Reducing waste in the bedroom

This blog post is part of our “Room by Room” mini-series, where we look into ways to reduce waste across all divisions of a household. You can find all the articles listed here.


You may think that the epicentre of waste reduction in the house is the kitchen, but there are many other products we all use at home that are becoming ‘fast fashion’ too, even furniture!

We can all keep waste reduction ideas in mind when shopping for anything new – in fact does it even need to be new? Recycled furniture can be fun and creative and even add value to your home – what are antiques after all, if not recycled and reused objects?

Here are some tips on the most common replaceable items in your bedroom:


The main thing to keep in mind when you need furniture is that quality lasts longer, so invest in the sturdiest bed you can afford and it will last you many years. The adage that things were made to last ‘in the old days’ is often true, so check out some second-hand furniture stores before you consider the cheap but flimsy options at the big chain stores.

The same goes for your new mattress – buy the best quality you can afford and it should last you up to 10 years, instead of buying a cheap replacement every few years. The materials in the mattress are important too. Ask the sales assistants exactly what their mattresses are made of, and whether any have credentials such as sustainable rubber/cotton sources. The more often consumers ask these questions, the more suppliers will need to have an answer!

Bed linen

Again, sustainable fibres rule here. Some cotton farming practices use an excessive amount of water, but if you do your research before going shopping for sheets/doonas/covers, you may find that some brands have more ethical farming credentials. Wool is becoming increasingly used in doonas and mattress covers, and has great warming and cooling properties which make it worth the investment. As well, other sustainable fibres such as bamboo have become popular alternatives to cotton bed linen. (Though if you live in a very wet or cold area, keep in mind that bamboo linen takes much longer to dry than cotton.)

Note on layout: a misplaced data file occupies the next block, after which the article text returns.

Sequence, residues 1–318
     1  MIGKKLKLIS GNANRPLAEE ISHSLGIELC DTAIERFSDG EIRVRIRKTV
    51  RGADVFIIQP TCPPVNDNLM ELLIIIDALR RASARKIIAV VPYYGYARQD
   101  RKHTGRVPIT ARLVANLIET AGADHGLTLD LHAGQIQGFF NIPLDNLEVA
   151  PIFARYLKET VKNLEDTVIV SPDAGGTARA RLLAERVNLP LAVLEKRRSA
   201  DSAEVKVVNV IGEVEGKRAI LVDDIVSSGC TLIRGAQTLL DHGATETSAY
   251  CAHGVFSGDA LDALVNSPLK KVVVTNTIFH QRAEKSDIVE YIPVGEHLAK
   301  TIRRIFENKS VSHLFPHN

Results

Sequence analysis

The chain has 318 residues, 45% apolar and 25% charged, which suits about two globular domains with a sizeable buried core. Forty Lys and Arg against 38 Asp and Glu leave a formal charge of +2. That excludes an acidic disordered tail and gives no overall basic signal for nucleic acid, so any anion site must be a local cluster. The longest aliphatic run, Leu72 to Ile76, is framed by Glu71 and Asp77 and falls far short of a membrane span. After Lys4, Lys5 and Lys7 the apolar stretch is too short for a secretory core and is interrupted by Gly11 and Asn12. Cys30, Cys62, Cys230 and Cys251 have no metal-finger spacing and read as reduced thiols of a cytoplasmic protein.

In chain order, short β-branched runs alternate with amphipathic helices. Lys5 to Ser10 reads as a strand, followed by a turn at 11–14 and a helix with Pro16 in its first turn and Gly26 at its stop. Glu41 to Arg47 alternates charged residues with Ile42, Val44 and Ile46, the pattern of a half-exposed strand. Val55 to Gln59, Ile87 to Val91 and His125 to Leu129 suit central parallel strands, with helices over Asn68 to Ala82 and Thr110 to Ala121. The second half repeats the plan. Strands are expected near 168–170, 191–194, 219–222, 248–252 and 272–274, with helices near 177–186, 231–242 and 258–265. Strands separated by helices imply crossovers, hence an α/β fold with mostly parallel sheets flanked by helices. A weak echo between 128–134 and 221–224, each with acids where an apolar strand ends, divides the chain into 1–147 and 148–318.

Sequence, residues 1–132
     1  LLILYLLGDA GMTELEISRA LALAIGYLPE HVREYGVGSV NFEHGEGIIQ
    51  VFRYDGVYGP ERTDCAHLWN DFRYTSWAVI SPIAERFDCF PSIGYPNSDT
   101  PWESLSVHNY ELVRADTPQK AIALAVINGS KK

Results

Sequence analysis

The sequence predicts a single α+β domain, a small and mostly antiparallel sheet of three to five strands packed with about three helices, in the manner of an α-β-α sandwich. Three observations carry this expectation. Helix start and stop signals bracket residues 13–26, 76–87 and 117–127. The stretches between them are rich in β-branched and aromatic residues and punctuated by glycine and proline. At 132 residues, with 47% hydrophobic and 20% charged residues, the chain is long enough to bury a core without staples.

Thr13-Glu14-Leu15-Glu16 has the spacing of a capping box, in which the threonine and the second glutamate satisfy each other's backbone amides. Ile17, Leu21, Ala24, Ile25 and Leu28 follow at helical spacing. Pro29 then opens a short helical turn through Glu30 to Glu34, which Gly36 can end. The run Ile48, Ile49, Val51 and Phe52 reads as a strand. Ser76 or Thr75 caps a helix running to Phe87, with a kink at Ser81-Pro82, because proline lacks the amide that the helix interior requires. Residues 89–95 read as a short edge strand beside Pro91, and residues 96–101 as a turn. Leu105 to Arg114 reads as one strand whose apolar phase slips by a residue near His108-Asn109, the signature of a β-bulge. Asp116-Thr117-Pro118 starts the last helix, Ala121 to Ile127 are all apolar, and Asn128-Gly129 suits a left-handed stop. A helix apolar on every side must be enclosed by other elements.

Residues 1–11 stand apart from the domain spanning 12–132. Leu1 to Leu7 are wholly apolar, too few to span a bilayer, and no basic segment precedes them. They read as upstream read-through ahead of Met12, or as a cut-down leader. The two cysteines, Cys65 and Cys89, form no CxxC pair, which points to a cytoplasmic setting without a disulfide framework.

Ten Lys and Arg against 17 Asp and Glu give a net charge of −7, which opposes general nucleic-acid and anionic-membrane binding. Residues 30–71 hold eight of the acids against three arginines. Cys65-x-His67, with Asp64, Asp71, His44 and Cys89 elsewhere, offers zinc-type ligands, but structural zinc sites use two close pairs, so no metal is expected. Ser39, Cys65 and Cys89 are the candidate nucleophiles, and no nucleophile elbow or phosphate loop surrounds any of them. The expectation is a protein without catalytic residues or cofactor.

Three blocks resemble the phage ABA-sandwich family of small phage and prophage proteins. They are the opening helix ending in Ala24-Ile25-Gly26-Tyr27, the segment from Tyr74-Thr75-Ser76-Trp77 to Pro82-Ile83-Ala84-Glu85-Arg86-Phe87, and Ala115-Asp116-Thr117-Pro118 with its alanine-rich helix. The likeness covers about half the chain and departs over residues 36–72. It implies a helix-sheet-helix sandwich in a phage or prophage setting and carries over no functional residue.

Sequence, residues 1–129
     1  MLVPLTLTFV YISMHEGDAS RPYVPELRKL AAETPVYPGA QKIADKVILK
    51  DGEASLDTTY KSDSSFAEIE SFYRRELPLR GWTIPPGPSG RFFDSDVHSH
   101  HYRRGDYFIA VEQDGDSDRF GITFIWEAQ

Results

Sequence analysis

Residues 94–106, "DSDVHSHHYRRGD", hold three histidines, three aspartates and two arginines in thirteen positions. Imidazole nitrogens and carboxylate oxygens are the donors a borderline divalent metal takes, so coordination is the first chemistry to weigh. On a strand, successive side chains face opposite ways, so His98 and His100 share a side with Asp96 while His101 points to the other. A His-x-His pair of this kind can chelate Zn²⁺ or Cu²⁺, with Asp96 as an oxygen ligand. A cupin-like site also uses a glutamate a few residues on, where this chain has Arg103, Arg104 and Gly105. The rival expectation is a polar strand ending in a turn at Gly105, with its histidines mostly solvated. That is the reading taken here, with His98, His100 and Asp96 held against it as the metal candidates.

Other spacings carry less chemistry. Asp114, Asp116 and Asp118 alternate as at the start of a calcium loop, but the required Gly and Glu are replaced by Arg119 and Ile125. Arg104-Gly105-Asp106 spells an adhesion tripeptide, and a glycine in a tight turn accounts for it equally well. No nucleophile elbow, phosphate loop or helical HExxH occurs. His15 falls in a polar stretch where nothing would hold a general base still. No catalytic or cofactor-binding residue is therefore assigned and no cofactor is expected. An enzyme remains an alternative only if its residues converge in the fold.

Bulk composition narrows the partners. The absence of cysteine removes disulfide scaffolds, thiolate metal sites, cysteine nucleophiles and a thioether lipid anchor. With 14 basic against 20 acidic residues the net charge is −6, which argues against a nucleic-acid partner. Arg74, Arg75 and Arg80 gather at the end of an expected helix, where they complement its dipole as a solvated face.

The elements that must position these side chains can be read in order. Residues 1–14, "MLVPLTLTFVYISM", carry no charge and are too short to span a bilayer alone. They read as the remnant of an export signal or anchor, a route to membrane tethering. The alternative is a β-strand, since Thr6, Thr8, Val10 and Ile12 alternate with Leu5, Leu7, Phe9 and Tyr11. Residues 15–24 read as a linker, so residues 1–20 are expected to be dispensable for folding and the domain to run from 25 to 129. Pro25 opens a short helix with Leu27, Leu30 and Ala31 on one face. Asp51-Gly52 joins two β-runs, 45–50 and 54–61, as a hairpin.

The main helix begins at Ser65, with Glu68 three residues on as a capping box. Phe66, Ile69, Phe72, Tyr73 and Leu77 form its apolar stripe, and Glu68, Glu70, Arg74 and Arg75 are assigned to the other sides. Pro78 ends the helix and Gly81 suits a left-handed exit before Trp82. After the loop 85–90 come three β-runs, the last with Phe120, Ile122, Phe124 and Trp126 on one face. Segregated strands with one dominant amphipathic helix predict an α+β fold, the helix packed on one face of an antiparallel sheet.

Other furniture and accessories in your bedroom can be made from plastics – such as polyester or acrylic upholstery on chairs, lamp shades, cushions and rugs. While all these small items can provide creative and cheap opportunities to update your bedroom, keep in mind the materials they are made from.

And again, check out some op shops, markets or second-hand furniture stores for some really unique touches to your bedroom decor.


This one is obvious – your next Seaside Scavenge is the solution!


For ceiling lights and bedside lamps, opt for energy efficient light bulbs wherever possible. When buying lightshades, try to find the ones that incorporate the most natural materials possible such as glass, wood and cotton.

Entertainment equipment

As we know, electronic devices are the fastest fashion of all, as we often replace our devices every year or two. But if you use AV equipment for playing music or viewing in your bedroom, you can opt for longer-lasting items here, or even buy second-hand. When someone is selling their large TV screen or speakers on eBay/freecycle/Gumtree, it doesn’t mean that it doesn’t work – sometimes people downsize their house and offload perfectly good equipment or upgrade their AV or music systems – and it could be to your advantage!


As with the rest of your house, always use the most natural non-toxic cleaning products you can. Check out the many books and websites with easy instructions on making your own cleaning products. But even if you don’t make your own baking soda/vinegar alternatives, there are many low-environmental-impact washing powders and floor cleaners easily available to buy.

And do you really need a new vacuum cleaner? Vacuums are not only made of non-sustainable materials but they use heaps of power and produce unhealthy fine dust as well. Perhaps the old-fashioned method of sweeping and mopping the floor is more hygienic, or even efficient!

Your local markets will probably have some great options for cleaning cloths/tools/products that won’t harm our waterways or wildlife. And buying local means you will help support your local community as well.